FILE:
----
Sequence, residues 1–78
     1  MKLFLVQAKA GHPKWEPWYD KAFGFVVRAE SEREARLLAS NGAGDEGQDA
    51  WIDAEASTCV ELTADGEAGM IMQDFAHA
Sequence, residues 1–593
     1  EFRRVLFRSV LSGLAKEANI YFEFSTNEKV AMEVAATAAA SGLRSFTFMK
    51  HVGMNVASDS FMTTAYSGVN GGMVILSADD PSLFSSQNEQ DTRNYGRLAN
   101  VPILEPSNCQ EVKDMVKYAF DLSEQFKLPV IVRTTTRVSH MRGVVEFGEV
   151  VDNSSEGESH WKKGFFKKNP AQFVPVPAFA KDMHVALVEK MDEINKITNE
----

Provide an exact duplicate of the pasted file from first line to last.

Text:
Sequence, residues 1–78
     1  MKLFLVQAKA GHPKWEPWYD KAFGFVVRAE SEREARLLAS NGAGDEGQDA
    51  WIDAEASTCV ELTADGEAGM IMQDFAHA
Sequence, residues 1–593
     1  EFRRVLFRSV LSGLAKEANI YFEFSTNEKV AMEVAATAAA SGLRSFTFMK
    51  HVGMNVASDS FMTTAYSGVN GGMVILSADD PSLFSSQNEQ DTRNYGRLAN
   101  VPILEPSNCQ EVKDMVKYAF DLSEQFKLPV IVRTTTRVSH MRGVVEFGEV
   151  VDNSSEGESH WKKGFFKKNP AQFVPVPAFA KDMHVALVEK MDEINKITNE